- Avoid situations where you may end up wheel spinning as this could result in you getting stuck. Accelerate gently, using low revs and change up to a higher gear as soon as possible. Pulling off in second gear can also help to reduce wheel spin.
- Everything should be done smoothly and slowly – braking, steering, accelerating and even changing gear.
- If you have them, make sure you use your daytime running lights so it’s easier for other drivers to see you in the snow. This is mandatory is some European countries and recommended in others. Please check the local laws.
- If you’re following other vehicles on an ungritted road, it is better to drive on the fresh snow, rather than on their wheel tracks. The compacted snow will be icier than the fresh snow.
- If you skid, gently steer into the direction of the skid. If the back slides to the right, steer to the right. Keep your hands on the steering wheel and do not be tempted to slam on the brakes.
How to drive in fog
Tips for driving in fog
On the road
When you hit a patch of fog you should switch your headlights on and keep your beam dipped. It can be very tempting to put your lights on to main beam but this is the wrong thing to do. Your lights will actually reflect on the fog and reduce, rather than improve, your visibility. Driving with your main beam on can also dazzle oncoming traffic.
The other misconception about driving in fog is that you should put your fog lights on at the first sign of mist. In fact, this can be a huge distraction to cars behind you. Don’t switch them on until visibility has dropped below 100m. A quick guide is to check if you can see the bumper of the car in front of you. If you can, keep your fog lights off. If you can’t, it’s time to switch them on. Some cars are fitted with front fog lights. If you’re going to use them, the same rules apply as rear fog lights.
Your fog lights will only work when your headlights are on dipped beam.
Remember, fog lamps emit an extremely strong light and they can be a hazard to other traffic if used inappropriately. Whenever the fog lifts – even temporarily – switch your fog lamps off immediately.
Pay attention to what’s happening inside your car. Fog can cause condensation which builds up on windows, further obscuring your view. Turn on your windscreen and rear windscreen heaters to demist your windows. It can be a good idea to open your windows slightly too. Not only will this help with the condensation but it will allow you to hear what’s going on around you and will help fill in some of the pieces that your lack of visibility has taken away. For the same reason, we suggest you turn your radio off.
Stopping distances become even more important in fog as drivers are likely to brake suddenly. Whilst it’s tempting to drive close to the car in front, to give yourself a sense of where you are, you risk colliding with them if they brake without warning. Equally, if you feel the car behind you is uncomfortably close, it is better to pull over and let them pass than risk your own safety.
Keep an eye on your speed. Without context, it can be easy for you to lose sight of how fast you are driving. Keep an even, steady speed – slower than usual but not dangerously slow – and be aware that stationary objects could appear in your path at any moment.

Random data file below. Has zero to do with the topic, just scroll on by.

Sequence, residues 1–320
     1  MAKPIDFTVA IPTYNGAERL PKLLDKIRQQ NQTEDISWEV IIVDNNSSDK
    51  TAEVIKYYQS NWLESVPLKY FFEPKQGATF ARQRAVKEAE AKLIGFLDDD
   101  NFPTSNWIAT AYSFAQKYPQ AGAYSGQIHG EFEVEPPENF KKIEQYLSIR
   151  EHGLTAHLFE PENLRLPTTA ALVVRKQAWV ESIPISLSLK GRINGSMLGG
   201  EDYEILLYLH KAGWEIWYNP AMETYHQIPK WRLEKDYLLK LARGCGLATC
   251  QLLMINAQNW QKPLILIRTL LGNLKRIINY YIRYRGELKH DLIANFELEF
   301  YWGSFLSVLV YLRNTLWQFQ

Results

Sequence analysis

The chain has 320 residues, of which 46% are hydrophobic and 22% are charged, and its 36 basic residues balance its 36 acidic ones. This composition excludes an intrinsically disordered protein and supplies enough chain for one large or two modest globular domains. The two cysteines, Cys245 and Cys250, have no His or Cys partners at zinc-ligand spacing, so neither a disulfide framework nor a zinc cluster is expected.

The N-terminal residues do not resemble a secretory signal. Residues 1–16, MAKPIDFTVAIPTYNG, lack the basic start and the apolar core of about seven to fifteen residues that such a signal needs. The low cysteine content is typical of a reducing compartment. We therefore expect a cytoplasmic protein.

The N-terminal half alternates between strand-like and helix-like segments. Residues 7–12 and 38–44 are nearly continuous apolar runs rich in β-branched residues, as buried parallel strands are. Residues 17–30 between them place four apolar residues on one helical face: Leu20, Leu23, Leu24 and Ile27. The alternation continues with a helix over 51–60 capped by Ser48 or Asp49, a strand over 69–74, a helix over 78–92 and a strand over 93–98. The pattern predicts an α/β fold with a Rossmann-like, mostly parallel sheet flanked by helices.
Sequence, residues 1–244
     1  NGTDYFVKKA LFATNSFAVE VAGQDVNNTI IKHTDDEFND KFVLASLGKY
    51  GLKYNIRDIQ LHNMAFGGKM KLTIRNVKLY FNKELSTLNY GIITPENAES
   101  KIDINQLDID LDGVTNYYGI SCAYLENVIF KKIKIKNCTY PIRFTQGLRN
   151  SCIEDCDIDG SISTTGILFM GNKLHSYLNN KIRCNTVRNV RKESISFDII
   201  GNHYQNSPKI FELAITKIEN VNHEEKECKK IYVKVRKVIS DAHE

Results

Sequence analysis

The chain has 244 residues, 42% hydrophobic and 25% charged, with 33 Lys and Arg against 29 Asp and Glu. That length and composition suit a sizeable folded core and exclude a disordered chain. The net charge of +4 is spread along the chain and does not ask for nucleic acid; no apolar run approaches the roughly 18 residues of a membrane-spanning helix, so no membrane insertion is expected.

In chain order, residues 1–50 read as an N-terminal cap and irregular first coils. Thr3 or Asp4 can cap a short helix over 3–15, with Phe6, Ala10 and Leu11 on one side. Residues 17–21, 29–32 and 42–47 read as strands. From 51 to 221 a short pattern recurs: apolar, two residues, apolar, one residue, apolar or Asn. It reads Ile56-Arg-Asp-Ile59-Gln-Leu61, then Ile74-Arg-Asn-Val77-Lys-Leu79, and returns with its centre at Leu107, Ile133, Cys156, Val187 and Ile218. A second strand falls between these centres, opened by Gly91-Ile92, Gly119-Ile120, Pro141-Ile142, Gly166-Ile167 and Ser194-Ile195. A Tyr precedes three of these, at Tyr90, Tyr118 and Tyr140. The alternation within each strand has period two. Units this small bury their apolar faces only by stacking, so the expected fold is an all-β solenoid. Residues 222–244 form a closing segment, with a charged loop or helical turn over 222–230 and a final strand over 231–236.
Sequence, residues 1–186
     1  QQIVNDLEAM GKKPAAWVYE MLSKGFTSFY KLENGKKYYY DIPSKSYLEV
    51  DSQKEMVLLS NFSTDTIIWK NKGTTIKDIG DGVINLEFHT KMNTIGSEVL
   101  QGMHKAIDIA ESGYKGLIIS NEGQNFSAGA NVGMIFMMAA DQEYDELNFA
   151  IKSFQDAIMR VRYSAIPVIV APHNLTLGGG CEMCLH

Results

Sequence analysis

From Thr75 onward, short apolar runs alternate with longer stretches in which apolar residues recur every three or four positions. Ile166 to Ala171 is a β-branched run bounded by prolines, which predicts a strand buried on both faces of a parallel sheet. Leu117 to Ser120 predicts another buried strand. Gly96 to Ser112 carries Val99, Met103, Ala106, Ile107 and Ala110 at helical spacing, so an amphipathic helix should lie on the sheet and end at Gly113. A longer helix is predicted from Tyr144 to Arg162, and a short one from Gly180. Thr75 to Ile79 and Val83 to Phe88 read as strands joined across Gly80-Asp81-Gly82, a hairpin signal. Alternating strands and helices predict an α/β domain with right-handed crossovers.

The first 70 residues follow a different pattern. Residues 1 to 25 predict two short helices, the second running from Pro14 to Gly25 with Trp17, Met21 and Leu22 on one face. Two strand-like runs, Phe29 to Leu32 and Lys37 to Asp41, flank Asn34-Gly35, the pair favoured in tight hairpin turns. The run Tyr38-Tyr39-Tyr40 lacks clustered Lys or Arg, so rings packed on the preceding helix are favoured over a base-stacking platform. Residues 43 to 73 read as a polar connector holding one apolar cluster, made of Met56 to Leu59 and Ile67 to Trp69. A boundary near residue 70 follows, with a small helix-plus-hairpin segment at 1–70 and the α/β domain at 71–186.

Finally, be aware of the temperature. Fog and mist will create a light damp layer on the road surface. If the temperature drops, this could form ice so be extra careful in foggy, cold weather.
Fitting and using snow chains
Alloy wheels in winter
Fitting and using show chains
Don’t wait until you’re about to climb a snowy mountain road to try your snow chains out for the first time. Although they’re relatively easy to fit, practice is extremely important. Follow the instructions carefully on the packaging and contact the supplier if you have any questions.
In most cases you will need to turn off your car’s traction control/anti-skid once you’ve fitted your snow chains, but check your handbook for advice.
To prevent the chains from braking, avoid any sudden movements. Pull away gently and drive carefully and slowly, avoiding harsh acceleration and braking.
How to drive in icy conditions
Driving safely on icy roads
If you do decide to drive, here are some driving tips to help you get safely from A to B.
When driving in icy conditions, you need to leave as much space as possible between you and the car in front. This could be up to ten times more than you would when driving on dry roads. So, if it normally takes you 23 metres to stop when driving on a normal sunny day at 30mph, it would take at least 230 metres to stop at the same speed on ice.
If you do hit a patch of ice, and find yourself skidding, steer in the same direction as the rear of your car is sliding. If the rear of your car is sliding in the same direction as your right shoulder, turn your steering wheel to the right. If the rear is sliding in the same direction as your left shoulder, steer to the left. Never take your hands off the steering wheel and don’t stamp your foot on the brake as this could cause your wheels to lock up.
Icy conditions can be accompanied by hail storms. These can limit your visibility so, if safe to do so, it’s a good idea to pull off the road, ideally stopping somewhere that’s covered, such as under a bridge. Direct your car towards the hail, so your windscreen withstands the majority of the force and not your side or rear windows. Your windscreen is capable of protecting you more than other windows. Wait for the hail to pass before setting off again.
It’s always a good idea to carry a charged mobile phone with you so you can notify people if you’ve broken down.